That Guy

This past Saturday night, I was "that guy" at a show. And I don't feel bad about it. Previously "that guy" when I saw the Promise Ring in '98 and Hey Mercedes in '03, the personality stills comes out from time to time -- and with good reason. So, what am I talking about? I would define the behavior as a devoted fan of a band who stands right at the front of the audience, sings passionately along, moves various body parts to the beat and seems to lose his mind while the band plays. It's like the person is engulfed with spirit and does not hold back. With the return of Chomsky last weekend, I did not hold back in sharing my fandom. I do have some ground rules though, based on previous concert experiences around other "that guy"s. 1) Do not push anyone around you. 2) Do not act like drunken hooligan. 3) Understand that you might get picked on for acting this way (but if you've been picked on your whole life, it's nothing new). 4) I

south american sea lion fidget maurice chevalier

For nearly two years, I wondered who in the world was Maurice Chevalier . I had seen the Marx Bros. attempt to be him so they could get on a boat in Monkey Business , but I had no idea how to spell "Chevalier." There was something funny with the sound of his name: it sounded perfect for a crooner from the Twenties/Thirties. Sappy songs, clean-cut image, the whole nine yards. I constantly quoted Chico's line from that scene ("I am Mooooreese Shavaaaaaalee-ayyyy!") and even called a fellow Marx Bros. fan that name. Well, as easy as it could have been to look up the Monkey Business page on Wikipedia, I didn't. Maybe I did once, but didn't see the name listed on there. I don't know. Anyway, I wondered if I'd ever get an answer. Luckily, my answer came over the weekend as Stevie posted the subject line from a spam e-mail she received: "south american sea lion fidget maurice chevalier." Jackpot! Chevalier sounded Italian (a language I do

To share

I think the kind of relationship advice Tasha gives in this week's Ask the AV Club is something I don't hear enough. Aside from what Leah says in her column and podcast (and what wisdom Jason passes my way), too often I hear fluffy cliches that are too vanilla. Even worse, I hear advice saying you should initially present yourself to someone in a slightly false light. So when I read a passage like this, I wish those bland advice-givers would take a few notes: Don't be an asshole. Having strongly held, precisely detailed opinions on Yasujiro Ozu or Badly Drawn Boy or Brian Michael Bendis isn't the problem. Forcing them on people who didn't ask, or sneering at those who disagree or don't care, is a problem . . . And stop thinking that being a geek is a bad thing in and of itself. It isn't, and it certainly isn't a relationship deal-killer. Being an unsocialized jerk is the problem. Like I was once told in a pseudo-intervention (and still agree with), e

Can't Stop Won't Stop

As much as I am a fan of reading books, the amount of half-read and unread books in my house grows year after year. I wish I could blame Borders for sending out those 20-percent-off coupons every week, but I'm the sucker to blame for wanting to read so much. Plus, I'm the one to blame for trying to read one book and then jumping into another. Right now, I'm reading Slash's biography and immensely enjoying it. Even though I planned to read the Joe Strummer and Charles Schulz's biographies I received for Christmas shortly after Christmas, they have been put to the side until I finish reading Slash . Of course, the backlog of other books waiting to be finished is immense. Here's a rundown and why: High Fidelity I loved the movie based off of it, but I have never read a page from the copy I purchased three years ago. Maybe it's because I hoped to read it when I was in a mental space where I wasn't feeling bitter about past relationships. Gig The book ha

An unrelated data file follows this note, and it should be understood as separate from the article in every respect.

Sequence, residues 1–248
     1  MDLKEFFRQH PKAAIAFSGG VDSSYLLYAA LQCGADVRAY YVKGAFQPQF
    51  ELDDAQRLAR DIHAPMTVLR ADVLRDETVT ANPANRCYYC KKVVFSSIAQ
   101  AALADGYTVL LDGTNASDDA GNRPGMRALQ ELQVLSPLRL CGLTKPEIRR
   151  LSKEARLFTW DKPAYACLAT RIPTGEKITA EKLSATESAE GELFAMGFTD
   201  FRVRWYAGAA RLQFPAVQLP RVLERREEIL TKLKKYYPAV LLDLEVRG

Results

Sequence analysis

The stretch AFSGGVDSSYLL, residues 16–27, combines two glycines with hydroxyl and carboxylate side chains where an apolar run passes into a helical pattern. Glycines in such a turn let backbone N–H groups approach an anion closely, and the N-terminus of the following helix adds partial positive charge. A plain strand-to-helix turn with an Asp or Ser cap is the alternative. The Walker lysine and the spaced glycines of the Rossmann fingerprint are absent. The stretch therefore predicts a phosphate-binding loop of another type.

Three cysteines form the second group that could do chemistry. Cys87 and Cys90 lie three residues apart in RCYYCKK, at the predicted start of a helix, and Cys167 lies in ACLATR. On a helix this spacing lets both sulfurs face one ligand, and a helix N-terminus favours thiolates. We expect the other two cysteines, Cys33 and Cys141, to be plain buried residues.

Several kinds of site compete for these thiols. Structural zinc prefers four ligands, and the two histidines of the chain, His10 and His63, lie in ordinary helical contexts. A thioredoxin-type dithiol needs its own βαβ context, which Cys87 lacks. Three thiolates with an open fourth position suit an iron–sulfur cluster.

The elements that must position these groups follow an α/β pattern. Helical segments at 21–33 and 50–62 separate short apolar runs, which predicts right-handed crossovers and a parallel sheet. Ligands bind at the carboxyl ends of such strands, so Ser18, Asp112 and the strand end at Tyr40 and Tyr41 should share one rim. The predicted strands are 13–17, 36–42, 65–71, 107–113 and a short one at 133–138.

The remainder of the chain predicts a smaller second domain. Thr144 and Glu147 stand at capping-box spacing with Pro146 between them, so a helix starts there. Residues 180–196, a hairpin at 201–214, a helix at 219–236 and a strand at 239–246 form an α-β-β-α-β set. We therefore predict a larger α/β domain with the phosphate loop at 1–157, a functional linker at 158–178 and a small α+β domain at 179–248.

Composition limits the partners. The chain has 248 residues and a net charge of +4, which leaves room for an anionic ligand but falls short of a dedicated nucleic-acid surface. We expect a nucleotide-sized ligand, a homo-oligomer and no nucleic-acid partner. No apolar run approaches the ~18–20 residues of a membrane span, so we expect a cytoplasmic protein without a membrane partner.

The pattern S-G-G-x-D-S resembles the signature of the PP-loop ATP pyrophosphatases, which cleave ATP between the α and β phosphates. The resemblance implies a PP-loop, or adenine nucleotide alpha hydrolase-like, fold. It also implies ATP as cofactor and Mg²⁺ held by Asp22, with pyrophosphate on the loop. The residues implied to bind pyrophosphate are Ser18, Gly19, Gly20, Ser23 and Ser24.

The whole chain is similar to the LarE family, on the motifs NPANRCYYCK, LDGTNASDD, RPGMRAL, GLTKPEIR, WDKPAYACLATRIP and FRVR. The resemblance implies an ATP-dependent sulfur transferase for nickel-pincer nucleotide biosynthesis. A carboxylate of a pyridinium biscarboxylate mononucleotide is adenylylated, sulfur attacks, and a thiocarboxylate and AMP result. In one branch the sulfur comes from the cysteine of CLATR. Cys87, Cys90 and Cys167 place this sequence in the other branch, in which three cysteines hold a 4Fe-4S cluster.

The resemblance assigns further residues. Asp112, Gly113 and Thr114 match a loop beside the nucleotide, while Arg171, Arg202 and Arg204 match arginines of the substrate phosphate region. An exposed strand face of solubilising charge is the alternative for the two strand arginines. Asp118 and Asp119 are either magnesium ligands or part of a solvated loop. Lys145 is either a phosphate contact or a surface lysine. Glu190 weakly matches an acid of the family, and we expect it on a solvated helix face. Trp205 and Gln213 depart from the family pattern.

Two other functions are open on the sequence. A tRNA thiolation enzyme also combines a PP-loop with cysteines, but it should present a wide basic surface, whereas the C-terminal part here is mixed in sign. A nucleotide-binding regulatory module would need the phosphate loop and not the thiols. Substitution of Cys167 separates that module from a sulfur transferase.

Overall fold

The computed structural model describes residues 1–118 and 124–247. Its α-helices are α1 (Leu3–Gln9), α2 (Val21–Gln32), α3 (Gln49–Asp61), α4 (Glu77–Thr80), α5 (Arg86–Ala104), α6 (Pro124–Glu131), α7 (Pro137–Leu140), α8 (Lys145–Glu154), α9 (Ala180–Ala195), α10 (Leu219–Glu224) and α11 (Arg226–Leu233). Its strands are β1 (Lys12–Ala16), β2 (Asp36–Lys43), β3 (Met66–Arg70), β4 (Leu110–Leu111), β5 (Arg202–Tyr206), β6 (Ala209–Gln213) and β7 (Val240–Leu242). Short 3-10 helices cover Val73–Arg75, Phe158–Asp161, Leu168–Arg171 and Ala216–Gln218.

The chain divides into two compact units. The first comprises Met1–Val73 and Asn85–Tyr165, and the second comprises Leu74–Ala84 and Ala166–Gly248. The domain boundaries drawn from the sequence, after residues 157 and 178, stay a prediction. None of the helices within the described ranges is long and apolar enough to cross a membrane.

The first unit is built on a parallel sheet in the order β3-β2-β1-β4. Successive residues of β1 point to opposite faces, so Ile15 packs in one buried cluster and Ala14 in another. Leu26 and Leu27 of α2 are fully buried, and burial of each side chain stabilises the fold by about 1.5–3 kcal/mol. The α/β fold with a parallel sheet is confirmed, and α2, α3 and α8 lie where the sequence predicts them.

Light the candles . . .

Now I have the same age with the title of a Ryan Adams record. Also celebrating birthdays today are: Mena Suvari (same age as me, from American Beauty and American Pie , as well as the soon-to-be-released-straight-to-DVD-remake of Day of the Dead ) Peter Tork (of the Monkees) Peter Gabriel Peter Hook Jerry Springer Henry Rollins Prince Michael Jackson

And as I recall, I think, we both kinda liked it

Seeing this clip of a pop show rendition of Deep Blue Something's "Breakfast at Tiffany's" reminds me of when a song is abused too much. In my own experience, it really kicked in when I saw my high school drill team dance to the Offspring's "Come Out and Play." I don't recall ever playing the song in marching band, but I do remember seeing the sheet music and groaning. At that point, when it came to pop tunes played at halftime and in the stands, they were relegated to songs from the Sixties or Seventies. Here was a song -- a pop-punk song no less -- that had only been out for a couple of years and now it's a half-time entertainment piece. This was a song I enjoyed and credit it (along with "Longview" and "Basket Case") for getting me into the pop-punk genre. Now here I was seeing it played for people who I always thought could give a flying you-know-what about this band, its fans and its style of music. It was then I began

Milkshake

Saturday night, while visiting relatives, I skimmed through the latest issue of Entertainment Weekly and came across a small article on an apparently popular catchphrase. The catch is, I hadn't heard anyone use it and am rather suspicious of its popularity. The following morning, I read Tasha's entry (where publicists came by her office to drop off something tied directly to the line) and I found the timing even more suspicious. The line is from There Will Be Blood and it's from the final scene: "I drink your milkshake! I drink it up!" says Plainview to his rival Eli Sunday. Of all the powerful quotes from that movie, this flimsy little line is what people appear to gravitate towards. Yes, rather than "I am finished" or "I am a false prophet and God is a superstition," it's this. Searching on Google, there are plenty of amusing results: idrinkyourmilkshake.com is at the top of the list, along with message board threads, and even a MyS